(Photo by Tim Jaynes, Staff)
That craze is what encourages many to enroll their children or even themselves in dance classes, said Melissa Seiler, owner of Patti Simmons School of Dance in Sikeston.
"But after they get in there, we do such fun things that all dissolves," Seiler said. "A lot of them put even more effort out than when they are trying to be like someone else."
That's not all that attracts dancers to the studio. Some are following in others' footsteps, while, some are fulfilling a dream.
"I always looked up to it," said Katie Old, 15. She plans to attend Mizzou or Southeast Missouri State University and join a dance team, while studying education.
When she told her parents she wanted to take lessons at 3, they thought it was just a child's dream, said her mother, Elaine.
"As she grew up, we encouraged her more-- dancing is the sole thing she does," Old said. "She really gives all she has to her dancing."
Three-year-old Audra McMillen began walking when she was 2 months old and loves to dress up in high-heeled shoes. So her mother, Katie, decided to let Audra try out dancing.
"It was something I wanted her to do," McMillen "I know other kids who do it and like it so I thought we'd give it a try. I always wanted to (take lessons) but never got to."
Lauren Vowels, 8, has been dancing since she was just one and a half, said her mother, Melissa Vowels. She looked up to her sister Hayleigh, 12, who was taking the classes, so mother and infant signed up for a "Mommy and Me" course.
"It was a good mother-daughter bonding time," Vowels said. The experience helped her understand what her daughters are doing, too. "I'm nervous when they're nervous, I'm excited when they're excited," she said.
Parent's experiences also yield some business. "There are parents who come in who took lessons with Patti," Seiler said. "They would like for her or him (their children) to get a taste of it, too."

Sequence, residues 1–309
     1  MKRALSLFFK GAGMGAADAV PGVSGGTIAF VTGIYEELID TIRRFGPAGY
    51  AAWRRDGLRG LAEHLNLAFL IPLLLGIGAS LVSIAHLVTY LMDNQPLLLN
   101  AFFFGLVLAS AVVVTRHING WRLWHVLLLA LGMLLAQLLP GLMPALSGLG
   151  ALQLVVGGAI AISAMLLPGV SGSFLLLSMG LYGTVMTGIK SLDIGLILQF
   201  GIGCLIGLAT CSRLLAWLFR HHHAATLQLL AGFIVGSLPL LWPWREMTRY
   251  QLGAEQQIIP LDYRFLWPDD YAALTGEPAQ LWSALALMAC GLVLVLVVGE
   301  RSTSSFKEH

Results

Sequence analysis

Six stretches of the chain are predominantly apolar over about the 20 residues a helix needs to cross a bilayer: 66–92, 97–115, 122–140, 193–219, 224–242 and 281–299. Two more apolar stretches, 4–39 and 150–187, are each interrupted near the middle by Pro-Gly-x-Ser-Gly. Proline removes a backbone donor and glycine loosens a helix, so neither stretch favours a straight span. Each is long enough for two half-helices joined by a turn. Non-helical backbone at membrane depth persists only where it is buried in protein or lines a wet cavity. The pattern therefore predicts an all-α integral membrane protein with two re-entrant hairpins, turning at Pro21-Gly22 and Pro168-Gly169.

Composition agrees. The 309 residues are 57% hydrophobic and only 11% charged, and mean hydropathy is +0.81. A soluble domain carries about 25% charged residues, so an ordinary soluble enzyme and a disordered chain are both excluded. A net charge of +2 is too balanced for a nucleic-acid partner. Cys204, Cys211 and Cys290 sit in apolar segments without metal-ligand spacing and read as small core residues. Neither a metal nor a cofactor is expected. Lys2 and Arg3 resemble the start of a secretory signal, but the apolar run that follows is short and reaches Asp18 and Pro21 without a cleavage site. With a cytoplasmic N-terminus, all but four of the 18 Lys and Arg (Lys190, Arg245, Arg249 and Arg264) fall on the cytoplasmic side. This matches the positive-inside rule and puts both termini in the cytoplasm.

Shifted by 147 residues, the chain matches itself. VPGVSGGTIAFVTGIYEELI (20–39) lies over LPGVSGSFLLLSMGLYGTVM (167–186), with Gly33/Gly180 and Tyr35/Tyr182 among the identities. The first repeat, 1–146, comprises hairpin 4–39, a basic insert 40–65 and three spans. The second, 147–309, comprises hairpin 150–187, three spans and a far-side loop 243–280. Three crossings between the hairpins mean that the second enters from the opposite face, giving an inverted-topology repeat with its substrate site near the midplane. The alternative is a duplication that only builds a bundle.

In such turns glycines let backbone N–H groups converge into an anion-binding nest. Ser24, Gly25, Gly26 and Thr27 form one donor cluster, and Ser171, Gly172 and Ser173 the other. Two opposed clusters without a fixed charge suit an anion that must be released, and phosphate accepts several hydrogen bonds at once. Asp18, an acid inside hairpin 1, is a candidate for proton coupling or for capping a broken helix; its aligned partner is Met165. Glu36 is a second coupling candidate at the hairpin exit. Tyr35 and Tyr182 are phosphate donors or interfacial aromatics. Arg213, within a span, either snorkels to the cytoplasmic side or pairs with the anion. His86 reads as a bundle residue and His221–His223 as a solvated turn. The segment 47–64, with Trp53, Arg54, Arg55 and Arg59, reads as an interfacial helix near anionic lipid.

Few, but some, boys take lessons. Seiler acknowledged many people may think dancing is "girly" but said it is quite the opposite.
For instance, a four-year-old boy did routines to "Hit the Road, Jack," and "Born to be Wild." "His dances tend to get a lot of attention because he is a boy," she said.
At the school, Seiler teaches "just about anything" -- modern, ballet, tap, jazz, hip-hip, ballroom and other types of dancing. She attends competitions, conventions and master classes to keep up with what is popular, and encourages her students to focus on more than their favorite style of dancing.
"I don't just want my kids to leave as good hip hoppers because it's in style now," she said. "I like for them to be well-rounded when they leave."
The bulk of the students may be children, but Seiler has adult classes, which she said are "very laid back." She plans to add a teacher next fall and offer more classes.
Although the main focus of the classes is learning to dance, the students learn many other things.
"We really push self-esteem and trying to feel good about yourself no matter what," Seiler said. Students learn to be less timid and sell themselves, plus hard work and dedication.
"You have to have a lot of concentration," Katie said, adding that she has learned to add in facial expressions for judges. A student assistant, Katie is learning "a lot of patience," and giving her practice for becoming a teacher.
Old said the classes have helped Katie mature greatly, and give her discipline and poise. The hectic dance schedule can be demanding, and Katie has learned to schedule and manage time to balance homework and dance.
It can teach children to make friends and form lasting relationships. "I thought it would be good to get around other kids," McMillen said of her daughter, who has not gone to day care and will be started preschool in the fall.
McMillen's children have learned time management, balancing two nights of practice a week with homework, and responsibility. "You have to keep up with the dances, remember all the steps and make sure that you come for practices and have to be on time," Hayleigh said.
"You can't come one week and then not the next and expect to be good at something," Seiler added. "If they don't leave sweaty, I tell them they haven't worked hard enough."